Transition to a Net-Zero Economy

Transition to a Net-Zero Economy - Untitled design 25


Although the TCTF requires notification of aid measures, it seems to be more user-friendly than State aid guidelines. This is because Member States may simply copy its provisions in their local law or administrative instrument and sent it to the Commission. A case in point is a German scheme that is reviewed in this article. It was notified to the Commission on 19 June 2023 and was approved precisely a month later on 19 July 2023. There is no indication of pre-notification contacts in the text of the Commission decision.

The purpose of the German scheme that was approved by Commission decision SA.108068 was to support the transition to a net-zero economy.1 The Commission authorised it on the basis of the Temporary Crisis and Transition Framework [TCTF]. The scheme would fund private investments in specific strategic goods needed for that transition. The impact of Russia’s invasion of Ukraine has heightened the urgency to move the German economy away from its dependency on oil and gas and especially Russian fossil fuels.

As explained in the decision, “(4) the Union does not have sufficient industrial production capacity to meet the rapidly growing demand for technologies necessary for the transition towards a net-zero economy (“transformation technologies”), especially from domestic production. For example, there are major dependencies in the photovoltaic (“PV”) industry, where almost 90 % of PV cells are produced in Asia. The battery and wind power value chains are also highly dependent on and economically vulnerable to third countries. […], as acknowledged by the Commission [in the TCTF], “batteries, windmills, heatpumps, solar, electrolysers, carbon capture and storage technologies” are products that are “key to meet the Commission’s climate neutrality goals”. Thus, with the measure Germany intends to create the necessary ecosystem for accelerated investments into the value chain for the production of such products.”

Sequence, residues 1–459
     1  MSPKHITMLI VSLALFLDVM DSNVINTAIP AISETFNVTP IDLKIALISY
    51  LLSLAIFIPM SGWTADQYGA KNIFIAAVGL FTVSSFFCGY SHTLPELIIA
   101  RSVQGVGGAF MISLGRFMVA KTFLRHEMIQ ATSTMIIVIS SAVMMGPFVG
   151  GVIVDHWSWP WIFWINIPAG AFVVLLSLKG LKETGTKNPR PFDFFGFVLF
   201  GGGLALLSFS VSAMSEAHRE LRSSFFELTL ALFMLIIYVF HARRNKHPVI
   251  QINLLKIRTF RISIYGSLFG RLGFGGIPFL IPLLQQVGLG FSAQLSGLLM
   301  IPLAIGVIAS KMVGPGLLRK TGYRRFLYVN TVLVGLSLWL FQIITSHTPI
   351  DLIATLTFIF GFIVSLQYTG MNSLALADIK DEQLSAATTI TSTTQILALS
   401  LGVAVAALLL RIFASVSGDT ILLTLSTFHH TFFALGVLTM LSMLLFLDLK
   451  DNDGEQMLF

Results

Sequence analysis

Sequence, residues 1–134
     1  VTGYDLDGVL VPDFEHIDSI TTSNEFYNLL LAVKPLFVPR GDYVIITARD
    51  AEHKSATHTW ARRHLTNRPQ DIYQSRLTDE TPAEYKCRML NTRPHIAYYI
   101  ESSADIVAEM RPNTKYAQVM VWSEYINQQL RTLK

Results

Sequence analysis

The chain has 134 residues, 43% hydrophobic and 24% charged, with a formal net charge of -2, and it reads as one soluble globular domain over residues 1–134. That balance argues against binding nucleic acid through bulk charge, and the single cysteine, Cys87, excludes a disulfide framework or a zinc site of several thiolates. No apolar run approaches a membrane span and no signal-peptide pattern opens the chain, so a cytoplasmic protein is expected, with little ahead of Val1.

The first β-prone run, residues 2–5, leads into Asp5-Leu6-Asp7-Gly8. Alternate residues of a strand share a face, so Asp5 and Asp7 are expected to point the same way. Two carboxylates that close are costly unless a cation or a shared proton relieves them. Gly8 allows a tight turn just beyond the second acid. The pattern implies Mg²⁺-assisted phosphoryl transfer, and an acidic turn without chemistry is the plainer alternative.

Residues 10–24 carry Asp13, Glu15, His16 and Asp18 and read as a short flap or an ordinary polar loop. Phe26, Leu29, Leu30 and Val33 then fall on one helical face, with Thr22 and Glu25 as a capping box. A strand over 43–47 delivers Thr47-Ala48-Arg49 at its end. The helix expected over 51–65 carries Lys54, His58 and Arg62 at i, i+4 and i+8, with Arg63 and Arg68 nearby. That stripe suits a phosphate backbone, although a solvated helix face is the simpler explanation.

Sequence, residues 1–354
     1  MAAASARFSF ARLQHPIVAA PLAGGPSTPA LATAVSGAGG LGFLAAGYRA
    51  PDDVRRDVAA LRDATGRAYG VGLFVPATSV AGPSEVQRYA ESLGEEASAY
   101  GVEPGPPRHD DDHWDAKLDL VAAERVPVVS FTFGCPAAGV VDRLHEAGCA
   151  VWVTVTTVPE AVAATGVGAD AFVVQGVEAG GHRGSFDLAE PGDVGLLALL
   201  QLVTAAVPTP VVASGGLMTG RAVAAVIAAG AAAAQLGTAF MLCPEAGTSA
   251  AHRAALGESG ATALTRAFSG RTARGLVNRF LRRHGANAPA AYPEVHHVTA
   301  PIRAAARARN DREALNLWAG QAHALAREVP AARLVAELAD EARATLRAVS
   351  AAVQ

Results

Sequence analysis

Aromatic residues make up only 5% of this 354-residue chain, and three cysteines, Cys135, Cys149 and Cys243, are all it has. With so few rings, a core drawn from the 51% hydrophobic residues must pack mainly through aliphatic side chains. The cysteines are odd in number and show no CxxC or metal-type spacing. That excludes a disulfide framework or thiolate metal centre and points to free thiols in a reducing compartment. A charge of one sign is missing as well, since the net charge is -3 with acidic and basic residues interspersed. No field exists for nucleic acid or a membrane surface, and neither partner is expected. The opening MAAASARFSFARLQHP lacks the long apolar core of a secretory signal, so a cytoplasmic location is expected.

Form of aid

The scheme would grant aid in four different forms:

1. Direct grants.

2. Tax advantages.

3. Subsidised interest rates on new loans.

4. Guarantees on new loans.

Budget and duration of the scheme

The estimated budget was about EUR 3 billion. Co-financing by the European Structural and Investment Funds [ESIF] was not excluded. The scheme would be in force until 31 December 2025.

Eligible beneficiaries and sectors

Both SMEs and large enterprises in certain sectors would be eligible to receive aid. The eligible sectors were those defined in point 85 of the TCTF, as follows:

1. Production of equipment needed for the transition to a net-zero economy; i.e. batteries, solar panels, wind turbines, heat-pumps, electrolysers, and equipment for carbon capture usage and storage.

2. Production of key components designed and primarily used as direct input for the production of the equipment defined above.

3. Production or recovery of related critical raw material necessary for the production of the equipment and key components defined above.

In compliance with the TCTF, the scheme excluded any undertaking or person that was subject to EU sanctions.